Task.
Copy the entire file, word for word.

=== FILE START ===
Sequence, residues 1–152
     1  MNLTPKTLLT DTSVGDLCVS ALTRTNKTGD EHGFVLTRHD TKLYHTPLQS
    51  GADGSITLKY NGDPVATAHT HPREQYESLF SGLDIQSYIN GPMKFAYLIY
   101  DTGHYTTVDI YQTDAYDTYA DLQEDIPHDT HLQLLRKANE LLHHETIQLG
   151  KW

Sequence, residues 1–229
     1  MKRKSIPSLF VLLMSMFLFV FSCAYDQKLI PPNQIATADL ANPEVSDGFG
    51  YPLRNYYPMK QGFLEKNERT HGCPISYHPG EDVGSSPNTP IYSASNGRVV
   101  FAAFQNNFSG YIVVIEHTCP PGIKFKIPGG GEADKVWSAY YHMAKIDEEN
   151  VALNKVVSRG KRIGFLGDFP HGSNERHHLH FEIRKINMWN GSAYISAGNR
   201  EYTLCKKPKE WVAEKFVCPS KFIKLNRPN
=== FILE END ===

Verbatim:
Sequence, residues 1–152
     1  MNLTPKTLLT DTSVGDLCVS ALTRTNKTGD EHGFVLTRHD TKLYHTPLQS
    51  GADGSITLKY NGDPVATAHT HPREQYESLF SGLDIQSYIN GPMKFAYLIY
   101  DTGHYTTVDI YQTDAYDTYA DLQEDIPHDT HLQLLRKANE LLHHETIQLG
   151  KW

Sequence, residues 1–229
     1  MKRKSIPSLF VLLMSMFLFV FSCAYDQKLI PPNQIATADL ANPEVSDGFG
    51  YPLRNYYPMK QGFLEKNERT HGCPISYHPG EDVGSSPNTP IYSASNGRVV
   101  FAAFQNNFSG YIVVIEHTCP PGIKFKIPGG GEADKVWSAY YHMAKIDEEN
   151  VALNKVVSRG KRIGFLGDFP HGSNERHHLH FEIRKINMWN GSAYISAGNR
   201  EYTLCKKPKE WVAEKFVCPS KFIKLNRPN